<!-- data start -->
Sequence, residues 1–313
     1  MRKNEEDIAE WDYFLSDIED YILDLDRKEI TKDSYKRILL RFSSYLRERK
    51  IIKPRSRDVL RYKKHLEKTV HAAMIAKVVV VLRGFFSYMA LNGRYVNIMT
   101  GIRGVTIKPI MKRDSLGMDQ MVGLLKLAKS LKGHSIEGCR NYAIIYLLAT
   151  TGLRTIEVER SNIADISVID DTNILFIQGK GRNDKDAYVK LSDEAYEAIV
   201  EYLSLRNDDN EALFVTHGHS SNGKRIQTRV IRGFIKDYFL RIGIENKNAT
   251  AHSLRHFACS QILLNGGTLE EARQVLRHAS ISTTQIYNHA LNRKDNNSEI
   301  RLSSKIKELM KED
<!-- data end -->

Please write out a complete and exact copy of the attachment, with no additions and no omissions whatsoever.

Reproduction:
Sequence, residues 1–313
     1  MRKNEEDIAE WDYFLSDIED YILDLDRKEI TKDSYKRILL RFSSYLRERK
    51  IIKPRSRDVL RYKKHLEKTV HAAMIAKVVV VLRGFFSYMA LNGRYVNIMT
   101  GIRGVTIKPI MKRDSLGMDQ MVGLLKLAKS LKGHSIEGCR NYAIIYLLAT
   151  TGLRTIEVER SNIADISVID DTNILFIQGK GRNDKDAYVK LSDEAYEAIV
   201  EYLSLRNDDN EALFVTHGHS SNGKRIQTRV IRGFIKDYFL RIGIENKNAT
   251  AHSLRHFACS QILLNGGTLE EARQVLRHAS ISTTQIYNHA LNRKDNNSEI
   301  RLSSKIKELM KED